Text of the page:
Voter ID Law “Done” for the 2012 Presidential Election

Photo courtesy of Todd Wiseman/The Texas Tribune
Photo courtesy of Todd Wiseman/The Texas Tribune

by: Mary O’Rourke, Staff Writer

“Voter ID, which is going to allow Governor Romney to win the state of Pennsylvania: done.”

Pennsylvania House Majority Leader Mike Turzai’s comments unknowingly set into motion a hotly contested examination into the validity of Act 18, otherwise known as the Pennsylvania Voter ID Law.

Turzai’s comments came months before a group of individuals and organizations, including various amici, filed an action in the Commonwealth Court requesting the court to enjoin the Commonwealth of Pennsylvania from implementing the Voter ID Law, legislation that requires registered voters to present photo identification in order to cast a vote.

Commonwealth Court Judge Robert E. Simpson originally heard the challenges to the law, which asserted that the law violated rights provided by the Pennsylvania Constitution. On Aug. 15, 2012, Judge Simpson issued an opinion holding that the law was constitutional and that as a result, electors would be required to present proof of identification in order to vote in the 2012 Presidential Election. Those challenging the law appealed, and the Supreme Court of Pennsylvania held argument about a month later.

The Supreme Court refrained from reversing the Commonwealth Court’s decision, and instead sent the case back to determine whether registered electors were being provided with alternative forms of identification in compliance with Act 18 so that no voter would suffer from disenfranchisement.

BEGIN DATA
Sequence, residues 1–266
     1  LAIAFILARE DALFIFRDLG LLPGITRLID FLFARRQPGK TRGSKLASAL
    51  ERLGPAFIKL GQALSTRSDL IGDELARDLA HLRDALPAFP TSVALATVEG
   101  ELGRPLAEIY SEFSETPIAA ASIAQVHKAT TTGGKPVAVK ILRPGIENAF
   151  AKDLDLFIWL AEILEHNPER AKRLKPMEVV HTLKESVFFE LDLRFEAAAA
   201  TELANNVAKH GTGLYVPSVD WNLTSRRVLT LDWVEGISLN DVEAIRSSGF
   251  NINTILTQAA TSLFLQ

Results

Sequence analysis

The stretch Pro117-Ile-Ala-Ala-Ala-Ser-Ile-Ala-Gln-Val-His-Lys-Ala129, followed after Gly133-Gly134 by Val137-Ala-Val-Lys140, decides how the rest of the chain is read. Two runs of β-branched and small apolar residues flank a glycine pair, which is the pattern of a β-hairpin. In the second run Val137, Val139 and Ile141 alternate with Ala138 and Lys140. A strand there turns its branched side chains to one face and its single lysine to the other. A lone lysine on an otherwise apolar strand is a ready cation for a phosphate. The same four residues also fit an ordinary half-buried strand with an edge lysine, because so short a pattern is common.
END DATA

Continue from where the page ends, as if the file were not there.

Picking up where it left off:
Although the Pennsylvania Department of Transportation (“PennDOT”) was statutorily obligated to provide registered electors with photo identification cards, it was not complying with the law. As the Court explained, PennDOT had failed in allowing liberal access to identification cards and instead required registered elector applicants to complete a rigorous application process to obtain one.

As a result, the Supreme Court found that the law was not being implemented as written, and remanded the case back to the Commonwealth Court to determine whether PennDOT ID cards were liberally accessible to registered electors. The Supreme Court advised the Commonwealth Court that after its examination, if it was still not convinced that no voter disenfranchisement would arise from the Voter ID requirement, then it was obligated to issue a preliminary injunction against the enforcement of the law.

On remand, Judge Simpson held another hearing from which he concluded that in the remaining five weeks before the election the estimated need for those who had no form of identification was too great. Not convinced that no voter disenfranchisement would arise out of the implementation of the Voter ID Law, the Commonwealth Court issued an order enjoining the Commonwealth from requiring that registered electors’ present identification in order to cast a vote for the 2012 Presidential Election.

Although the court’s ruling appears to be a victory for critics of the Voter ID Law, the law was only preliminarily — and not permanently — enjoined. The law’s identification requirements may have been inapplicable for the November election, but they were not declared unlawful for future elections. Indeed, both the unsigned opinion of the Supreme Court and the Commonwealth Court’s opinion issuing the injunction indicate that Act 18’s requirements would have been upheld if they had not been implemented in such a short time period before the election.